Double steals: are managers too conservative?
Here's an excellent study by Dan Fox on double steals, and comments by Tangotiger.
Dan found that for a double steal, the theoretical break-even percentages (1970-2006) were 60% with nobody out, 53 percent with one out, and 78 percent with two outs. Anything less than that, and it's costing the team runs.
With nobody out, teams were successful only 57% of the time, which makes the no-out double steal look like an overused strategy. However, the breakeven percentages assume that it will be the lead runner who's thrown out. But, in real life, it's sometimes the trailing runner. If you take that into account, the 60% theoretical breakeven point is too high. It's probably even less than the observed 57%.
Where it gets more interesting is in the one-out case. Teams were successful there 1587 times out of 2258, or 70%. This is substantially higher than the 53% breakeven point. Dan suggests that managers underestimate the value of getting a runner to third with one out, and that's why they don’t call for the double-steal enough.
(The two-out case has insufficient data – see the comments to Tango's post.)
I should mention that these results aren't necessarily inconsistent with perfectly rational managers. Suppose that sometimes, perhaps with really fast runners and a pitcher with a slow delivery, the success rate is 90%. Other times, the chance is only 30%. If managers are smart enough to go for it only when the chances are greater than the 53% breakeven, the overall success rate will be somewhere between 53% and 90% -- perfectly consistent with the observed 70% rate.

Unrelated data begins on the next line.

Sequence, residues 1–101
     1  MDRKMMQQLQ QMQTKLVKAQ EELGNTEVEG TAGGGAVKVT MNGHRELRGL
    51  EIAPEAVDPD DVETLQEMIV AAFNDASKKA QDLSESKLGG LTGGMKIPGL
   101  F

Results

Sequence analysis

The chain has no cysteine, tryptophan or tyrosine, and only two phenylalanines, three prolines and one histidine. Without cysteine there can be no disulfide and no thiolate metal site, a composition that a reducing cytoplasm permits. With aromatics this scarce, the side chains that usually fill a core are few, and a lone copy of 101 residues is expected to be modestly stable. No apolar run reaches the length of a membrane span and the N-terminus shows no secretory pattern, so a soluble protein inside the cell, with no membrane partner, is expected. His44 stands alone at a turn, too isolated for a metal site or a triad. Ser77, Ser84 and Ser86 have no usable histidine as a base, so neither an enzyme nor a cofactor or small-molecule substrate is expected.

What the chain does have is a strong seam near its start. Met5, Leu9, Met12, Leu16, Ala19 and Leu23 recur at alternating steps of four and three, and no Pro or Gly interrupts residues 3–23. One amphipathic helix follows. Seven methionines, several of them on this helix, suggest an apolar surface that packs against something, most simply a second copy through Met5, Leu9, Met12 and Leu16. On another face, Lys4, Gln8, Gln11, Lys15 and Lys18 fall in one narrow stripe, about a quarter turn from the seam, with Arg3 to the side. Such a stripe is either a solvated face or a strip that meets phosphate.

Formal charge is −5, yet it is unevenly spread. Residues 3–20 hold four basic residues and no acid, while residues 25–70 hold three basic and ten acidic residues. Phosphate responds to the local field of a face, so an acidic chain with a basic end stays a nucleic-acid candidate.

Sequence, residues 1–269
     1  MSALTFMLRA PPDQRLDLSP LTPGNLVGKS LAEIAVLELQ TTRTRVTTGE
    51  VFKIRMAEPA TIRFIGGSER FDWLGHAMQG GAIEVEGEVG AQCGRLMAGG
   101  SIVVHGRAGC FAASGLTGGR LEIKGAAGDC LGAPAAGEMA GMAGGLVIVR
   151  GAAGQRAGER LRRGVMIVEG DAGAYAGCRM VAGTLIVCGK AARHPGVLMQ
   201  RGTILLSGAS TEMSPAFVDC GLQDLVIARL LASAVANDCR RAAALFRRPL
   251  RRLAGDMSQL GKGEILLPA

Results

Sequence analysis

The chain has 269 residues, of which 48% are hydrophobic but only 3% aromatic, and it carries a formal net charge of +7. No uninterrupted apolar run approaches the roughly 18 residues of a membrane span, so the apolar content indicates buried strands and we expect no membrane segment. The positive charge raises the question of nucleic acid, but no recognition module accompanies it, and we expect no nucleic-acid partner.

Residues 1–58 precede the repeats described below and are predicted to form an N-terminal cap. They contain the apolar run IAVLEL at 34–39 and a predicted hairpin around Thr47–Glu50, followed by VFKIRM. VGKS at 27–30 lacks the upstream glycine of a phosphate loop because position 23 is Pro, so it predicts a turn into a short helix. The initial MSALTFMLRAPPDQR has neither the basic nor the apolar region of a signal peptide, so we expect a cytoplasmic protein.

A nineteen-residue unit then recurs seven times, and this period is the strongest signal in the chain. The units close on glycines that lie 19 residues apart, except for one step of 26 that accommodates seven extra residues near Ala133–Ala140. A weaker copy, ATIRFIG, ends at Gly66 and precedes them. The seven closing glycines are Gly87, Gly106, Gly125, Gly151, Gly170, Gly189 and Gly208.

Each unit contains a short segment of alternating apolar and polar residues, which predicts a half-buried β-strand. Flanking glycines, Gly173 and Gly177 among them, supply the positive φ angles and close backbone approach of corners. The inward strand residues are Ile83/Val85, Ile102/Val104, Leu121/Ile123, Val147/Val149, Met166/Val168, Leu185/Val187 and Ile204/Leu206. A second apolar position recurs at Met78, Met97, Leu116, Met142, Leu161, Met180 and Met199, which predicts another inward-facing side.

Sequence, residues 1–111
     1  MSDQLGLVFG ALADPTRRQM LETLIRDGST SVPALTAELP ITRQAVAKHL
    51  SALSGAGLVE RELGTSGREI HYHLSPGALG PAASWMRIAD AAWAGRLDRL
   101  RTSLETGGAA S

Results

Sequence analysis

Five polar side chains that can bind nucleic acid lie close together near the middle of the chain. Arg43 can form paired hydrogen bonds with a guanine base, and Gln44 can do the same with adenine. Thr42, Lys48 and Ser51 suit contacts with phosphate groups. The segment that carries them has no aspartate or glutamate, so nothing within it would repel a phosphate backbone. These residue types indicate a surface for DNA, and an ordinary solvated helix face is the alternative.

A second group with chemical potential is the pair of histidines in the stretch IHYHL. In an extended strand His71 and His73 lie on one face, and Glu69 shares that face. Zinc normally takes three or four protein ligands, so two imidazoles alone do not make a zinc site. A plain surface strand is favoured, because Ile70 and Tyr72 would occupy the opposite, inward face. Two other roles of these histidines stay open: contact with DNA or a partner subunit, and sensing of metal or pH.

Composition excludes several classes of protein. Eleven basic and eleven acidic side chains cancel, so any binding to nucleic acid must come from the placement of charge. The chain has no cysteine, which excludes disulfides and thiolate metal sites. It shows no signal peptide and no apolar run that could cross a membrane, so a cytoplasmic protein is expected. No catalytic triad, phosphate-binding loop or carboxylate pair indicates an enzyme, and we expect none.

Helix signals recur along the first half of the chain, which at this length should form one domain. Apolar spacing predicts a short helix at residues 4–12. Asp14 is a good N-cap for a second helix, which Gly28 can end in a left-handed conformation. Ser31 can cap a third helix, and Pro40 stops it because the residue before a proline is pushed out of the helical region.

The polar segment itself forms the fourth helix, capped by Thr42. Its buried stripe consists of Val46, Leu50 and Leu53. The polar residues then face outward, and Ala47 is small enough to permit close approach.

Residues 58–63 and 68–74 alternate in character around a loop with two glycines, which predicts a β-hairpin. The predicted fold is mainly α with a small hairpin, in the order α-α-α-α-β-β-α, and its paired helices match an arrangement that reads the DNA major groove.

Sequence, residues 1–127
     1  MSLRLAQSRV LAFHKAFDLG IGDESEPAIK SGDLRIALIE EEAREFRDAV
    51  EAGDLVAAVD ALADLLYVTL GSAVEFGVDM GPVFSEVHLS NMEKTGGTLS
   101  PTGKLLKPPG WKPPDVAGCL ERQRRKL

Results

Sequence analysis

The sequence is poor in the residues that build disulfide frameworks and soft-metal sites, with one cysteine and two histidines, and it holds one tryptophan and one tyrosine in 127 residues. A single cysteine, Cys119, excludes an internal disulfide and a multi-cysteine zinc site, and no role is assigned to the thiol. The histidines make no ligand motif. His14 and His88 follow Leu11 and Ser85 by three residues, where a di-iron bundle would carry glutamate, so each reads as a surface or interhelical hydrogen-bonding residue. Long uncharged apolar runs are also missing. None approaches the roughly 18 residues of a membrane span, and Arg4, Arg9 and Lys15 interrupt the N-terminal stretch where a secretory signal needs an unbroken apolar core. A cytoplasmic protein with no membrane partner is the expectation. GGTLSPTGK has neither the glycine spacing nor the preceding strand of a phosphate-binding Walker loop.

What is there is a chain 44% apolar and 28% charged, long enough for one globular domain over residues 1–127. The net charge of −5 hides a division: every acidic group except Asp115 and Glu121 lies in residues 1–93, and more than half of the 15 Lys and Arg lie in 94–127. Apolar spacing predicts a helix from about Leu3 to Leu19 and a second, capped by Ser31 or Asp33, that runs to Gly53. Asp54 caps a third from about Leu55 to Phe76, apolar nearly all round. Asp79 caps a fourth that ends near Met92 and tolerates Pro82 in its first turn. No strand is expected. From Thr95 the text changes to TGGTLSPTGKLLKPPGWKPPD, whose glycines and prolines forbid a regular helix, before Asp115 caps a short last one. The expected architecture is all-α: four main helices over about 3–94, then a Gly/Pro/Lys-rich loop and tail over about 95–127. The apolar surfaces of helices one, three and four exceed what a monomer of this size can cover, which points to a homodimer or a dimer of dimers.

However, even if that's the case, we can say that managers are less inclined to call for a double steal than to call for just a regular stolen base. According to "The Book," the overall (single) steal success rate is 69%, which is very close to the breakeven. The 0-out double steal rate is also close to its breakeven, but the one-out double-steal rate is higher than the breakeven. So, overall, the double steal is used more conservatively than the single steal.
The obvious question is: why are managers more conservative with double steals than with single steals? One answer suggests itself from the NFL study finding that teams are kicking field goals on fourth-and-short when they should be going for it: that managers are afraid that the risky play will fail, and their reputation will suffer.
If coaches are generally afraid of being criticized, they will call for unusual plays less often than they should. A double-steal is seen as an out-of-the-ordinary play, for which the manager gets a large part of the credit or blame. A regular steal is routine, so credit usually goes to the runner or the catcher, and managers can call for steals without fear of criticism.
If this theory is true, we should find that the kinds of plays for which managers are second-guessed are consistently underused, especially as compared to plays that are similar but uncontroversial. This double-steal data is mildly supportive of that theory.
Anyone have any data on the hit-and-run, or the suicide squeeze?